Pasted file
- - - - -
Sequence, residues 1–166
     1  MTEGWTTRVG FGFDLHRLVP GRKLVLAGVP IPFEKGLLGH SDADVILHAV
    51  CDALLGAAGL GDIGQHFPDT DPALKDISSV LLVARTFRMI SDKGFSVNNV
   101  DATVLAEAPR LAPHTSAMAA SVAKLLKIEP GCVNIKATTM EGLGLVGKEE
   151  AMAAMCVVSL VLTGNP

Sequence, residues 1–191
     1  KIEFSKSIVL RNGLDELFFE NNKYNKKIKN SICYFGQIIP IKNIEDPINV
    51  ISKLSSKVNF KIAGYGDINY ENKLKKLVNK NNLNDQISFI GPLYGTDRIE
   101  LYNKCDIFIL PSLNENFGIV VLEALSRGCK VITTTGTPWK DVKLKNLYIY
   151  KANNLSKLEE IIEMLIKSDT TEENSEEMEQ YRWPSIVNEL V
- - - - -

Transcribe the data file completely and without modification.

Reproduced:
Sequence, residues 1–166
     1  MTEGWTTRVG FGFDLHRLVP GRKLVLAGVP IPFEKGLLGH SDADVILHAV
    51  CDALLGAAGL GDIGQHFPDT DPALKDISSV LLVARTFRMI SDKGFSVNNV
   101  DATVLAEAPR LAPHTSAMAA SVAKLLKIEP GCVNIKATTM EGLGLVGKEE
   151  AMAAMCVVSL VLTGNP

Sequence, residues 1–191
     1  KIEFSKSIVL RNGLDELFFE NNKYNKKIKN SICYFGQIIP IKNIEDPINV
    51  ISKLSSKVNF KIAGYGDINY ENKLKKLVNK NNLNDQISFI GPLYGTDRIE
   101  LYNKCDIFIL PSLNENFGIV VLEALSRGCK VITTTGTPWK DVKLKNLYIY
   151  KANNLSKLEE IIEMLIKSDT TEENSEEMEQ YRWPSIVNEL V